The Value of Net Metering for Small Wind Turbines

Anthony Giombetti
February 28, 2012 — 1,353 views  
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Net Metering is an important program that certain states' legislation and statutes offer in order to help make small wind turbine systems more economically viable and attractive to land owners. For example, the State of Minnesota has set a strong example in support for progressive renewable-minded folks through the Minnesota Statute 216b Net Metering Law.

Net metering laws, or in many cases referred to as "distributed generation" or "co-generation," are a key function that certain states have set in place specifically to set the direction as well as provide support for functional, efficient and clean electric producing renewable energy systems. This legislation and program is vital to successful economics for renewable system buyers. At the same time, once in place, the utility company serving the renewable energy system receives the necessary carbon reduction credits as identified and mandated by the federal government.

What is Net Metering?
In layman's terms, Net Metering is a policy implemented by some states, followed by electric utilities, to ensure that any surplus electricity produced by an on-site generator, such as a small wind turbine system, can be sent back into the grid, and the utility to provide fair credit and or payment at an average retail rate.

For example, if a facilities' utility-connected, small wind turbine produces more electricity than utilized by the customer, the excess electricity is sent back into the distribution system (grid), captured and controlled by the utility, and to be used by someone else.

Net Metering allows such a customer to be compensated for surplus production at the end of the billing period, or monthly, depending on the choice the customer makes on the standard state contract. Since a meter is used to measure in- and out-flow, and per contract, the customer automatically receives compensation from the utility for excess electricity produced.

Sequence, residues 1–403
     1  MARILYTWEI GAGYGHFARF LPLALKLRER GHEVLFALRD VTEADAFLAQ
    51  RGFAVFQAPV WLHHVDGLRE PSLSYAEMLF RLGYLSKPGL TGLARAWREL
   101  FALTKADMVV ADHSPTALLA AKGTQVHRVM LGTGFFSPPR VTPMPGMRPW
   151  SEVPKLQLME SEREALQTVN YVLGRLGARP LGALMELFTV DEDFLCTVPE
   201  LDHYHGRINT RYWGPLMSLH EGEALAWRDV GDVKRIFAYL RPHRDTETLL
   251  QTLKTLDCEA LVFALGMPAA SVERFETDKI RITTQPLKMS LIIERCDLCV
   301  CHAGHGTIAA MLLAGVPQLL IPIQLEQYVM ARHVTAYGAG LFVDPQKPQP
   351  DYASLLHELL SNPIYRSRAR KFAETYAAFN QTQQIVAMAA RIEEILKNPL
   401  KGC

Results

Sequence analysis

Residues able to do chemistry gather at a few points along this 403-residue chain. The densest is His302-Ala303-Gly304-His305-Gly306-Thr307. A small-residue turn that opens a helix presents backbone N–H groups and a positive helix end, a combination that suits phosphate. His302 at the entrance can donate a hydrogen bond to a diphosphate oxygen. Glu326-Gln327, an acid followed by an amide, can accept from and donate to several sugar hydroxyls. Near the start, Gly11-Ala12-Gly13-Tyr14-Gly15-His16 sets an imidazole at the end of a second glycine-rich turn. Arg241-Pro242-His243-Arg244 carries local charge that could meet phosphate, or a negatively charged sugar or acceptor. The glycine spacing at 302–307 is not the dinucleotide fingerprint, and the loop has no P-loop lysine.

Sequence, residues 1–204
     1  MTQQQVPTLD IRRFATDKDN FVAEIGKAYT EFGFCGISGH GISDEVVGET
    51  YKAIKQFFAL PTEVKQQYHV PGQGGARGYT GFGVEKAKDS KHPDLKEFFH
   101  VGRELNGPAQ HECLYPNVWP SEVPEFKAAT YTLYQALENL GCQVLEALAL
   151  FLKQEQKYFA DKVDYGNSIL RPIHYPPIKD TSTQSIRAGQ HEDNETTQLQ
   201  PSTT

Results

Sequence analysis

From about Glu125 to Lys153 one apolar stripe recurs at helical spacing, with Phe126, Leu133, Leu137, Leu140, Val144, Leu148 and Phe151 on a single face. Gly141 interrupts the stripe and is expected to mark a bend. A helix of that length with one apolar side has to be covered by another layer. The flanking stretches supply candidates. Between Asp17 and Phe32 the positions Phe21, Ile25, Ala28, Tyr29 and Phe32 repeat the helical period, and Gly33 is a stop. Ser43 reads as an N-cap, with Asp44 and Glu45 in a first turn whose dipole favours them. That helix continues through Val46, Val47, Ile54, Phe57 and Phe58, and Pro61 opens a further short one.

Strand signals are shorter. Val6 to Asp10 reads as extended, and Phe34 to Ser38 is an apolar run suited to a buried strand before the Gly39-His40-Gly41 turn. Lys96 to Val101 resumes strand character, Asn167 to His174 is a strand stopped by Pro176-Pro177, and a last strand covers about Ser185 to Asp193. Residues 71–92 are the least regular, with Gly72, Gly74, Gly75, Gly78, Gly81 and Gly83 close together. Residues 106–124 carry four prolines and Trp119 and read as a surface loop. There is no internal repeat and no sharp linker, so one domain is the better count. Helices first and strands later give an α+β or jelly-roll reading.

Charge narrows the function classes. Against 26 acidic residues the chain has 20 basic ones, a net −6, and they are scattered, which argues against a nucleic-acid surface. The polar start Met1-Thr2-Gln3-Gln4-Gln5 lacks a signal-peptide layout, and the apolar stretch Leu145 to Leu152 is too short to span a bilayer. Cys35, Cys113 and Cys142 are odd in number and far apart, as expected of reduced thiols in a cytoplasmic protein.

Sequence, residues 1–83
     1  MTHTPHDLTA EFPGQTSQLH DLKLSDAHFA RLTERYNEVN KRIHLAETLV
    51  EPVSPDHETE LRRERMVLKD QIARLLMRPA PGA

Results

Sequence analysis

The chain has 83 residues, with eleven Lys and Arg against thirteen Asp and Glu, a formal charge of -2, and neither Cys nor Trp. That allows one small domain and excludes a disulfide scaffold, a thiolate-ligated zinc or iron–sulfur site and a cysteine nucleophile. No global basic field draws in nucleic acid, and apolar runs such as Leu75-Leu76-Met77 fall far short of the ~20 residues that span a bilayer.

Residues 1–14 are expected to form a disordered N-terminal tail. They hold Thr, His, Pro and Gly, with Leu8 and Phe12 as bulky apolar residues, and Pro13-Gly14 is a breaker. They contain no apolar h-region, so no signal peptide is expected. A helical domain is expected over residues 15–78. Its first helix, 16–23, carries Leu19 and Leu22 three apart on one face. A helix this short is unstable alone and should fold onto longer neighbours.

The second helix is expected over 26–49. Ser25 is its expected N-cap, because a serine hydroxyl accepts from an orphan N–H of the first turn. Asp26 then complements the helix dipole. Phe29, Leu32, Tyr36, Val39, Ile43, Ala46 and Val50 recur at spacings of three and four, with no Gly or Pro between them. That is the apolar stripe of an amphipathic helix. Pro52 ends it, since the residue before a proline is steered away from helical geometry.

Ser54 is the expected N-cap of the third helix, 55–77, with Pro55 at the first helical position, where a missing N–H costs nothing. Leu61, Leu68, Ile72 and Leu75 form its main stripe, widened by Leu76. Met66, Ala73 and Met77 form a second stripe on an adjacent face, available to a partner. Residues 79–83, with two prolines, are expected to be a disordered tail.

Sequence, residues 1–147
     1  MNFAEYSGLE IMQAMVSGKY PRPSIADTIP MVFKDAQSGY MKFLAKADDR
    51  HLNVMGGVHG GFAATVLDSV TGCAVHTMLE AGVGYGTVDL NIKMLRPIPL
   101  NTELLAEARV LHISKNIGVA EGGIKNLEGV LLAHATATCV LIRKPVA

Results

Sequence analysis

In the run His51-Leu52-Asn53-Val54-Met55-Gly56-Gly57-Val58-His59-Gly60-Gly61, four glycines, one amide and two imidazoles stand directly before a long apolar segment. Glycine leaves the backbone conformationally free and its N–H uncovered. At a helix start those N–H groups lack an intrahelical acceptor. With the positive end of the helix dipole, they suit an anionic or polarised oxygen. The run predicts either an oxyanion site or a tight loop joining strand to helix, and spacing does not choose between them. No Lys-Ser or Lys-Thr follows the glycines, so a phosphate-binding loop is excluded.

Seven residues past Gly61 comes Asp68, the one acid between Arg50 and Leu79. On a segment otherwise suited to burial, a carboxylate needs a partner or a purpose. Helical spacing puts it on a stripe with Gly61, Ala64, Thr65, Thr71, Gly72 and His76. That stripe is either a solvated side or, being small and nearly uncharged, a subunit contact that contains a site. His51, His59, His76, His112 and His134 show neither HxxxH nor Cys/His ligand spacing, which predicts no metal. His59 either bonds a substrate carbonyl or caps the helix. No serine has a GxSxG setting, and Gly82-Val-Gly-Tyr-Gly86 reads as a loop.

Success Story
For Peter and Diane Mittelsted of rural Dexter, Net Metering is a concept that appealed to them from the get-go in their search for a wind turbine on their farm.

After they did some research, which included contacting Renewable Energy SD, the upper Midwest's leading provider of wind turbine systems, the couple broke ground this past summer, and now the family's very own wind turbine is up and running. The new wind turbine should power the whole farm – and then some.

The Mittelsted's turbine is expected to produce about $15,000 to $17,000 per year in energy. Since the family's electrical bill has been averaging about $500 a month ($6,000 per year), those checks are projected to add up to approximately $10,000 per year.

In conversation with Mr. Peter Mittlested, he stated that part of the reason they put in their own wind power was that he was looking forward to his own retirement. Not only will their bills be reduced in their retirement years, but they'll have some extra income, too.



Anthony Giombetti

Contributed by Anthony Giombetti, an advocate of energy independence and Renewable Energy SD, the Upper Midwest's leading provider of wind turbines, who is committed to fostering a green economy.